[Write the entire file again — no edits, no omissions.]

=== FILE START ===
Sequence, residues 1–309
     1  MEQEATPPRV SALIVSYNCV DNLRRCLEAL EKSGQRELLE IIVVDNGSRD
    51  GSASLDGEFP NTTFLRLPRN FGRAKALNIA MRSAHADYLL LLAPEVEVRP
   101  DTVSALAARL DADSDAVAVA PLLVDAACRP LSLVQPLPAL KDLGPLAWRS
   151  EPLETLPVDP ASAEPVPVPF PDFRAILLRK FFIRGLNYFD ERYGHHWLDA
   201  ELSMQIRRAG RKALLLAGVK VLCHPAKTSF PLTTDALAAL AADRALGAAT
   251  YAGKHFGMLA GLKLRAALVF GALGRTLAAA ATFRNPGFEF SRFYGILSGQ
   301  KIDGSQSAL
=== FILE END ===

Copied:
Sequence, residues 1–309
     1  MEQEATPPRV SALIVSYNCV DNLRRCLEAL EKSGQRELLE IIVVDNGSRD
    51  GSASLDGEFP NTTFLRLPRN FGRAKALNIA MRSAHADYLL LLAPEVEVRP
   101  DTVSALAARL DADSDAVAVA PLLVDAACRP LSLVQPLPAL KDLGPLAWRS
   151  EPLETLPVDP ASAEPVPVPF PDFRAILLRK FFIRGLNYFD ERYGHHWLDA
   201  ELSMQIRRAG RKALLLAGVK VLCHPAKTSF PLTTDALAAL AADRALGAAT
   251  YAGKHFGMLA GLKLRAALVF GALGRTLAAA ATFRNPGFEF SRFYGILSGQ
   301  KIDGSQSAL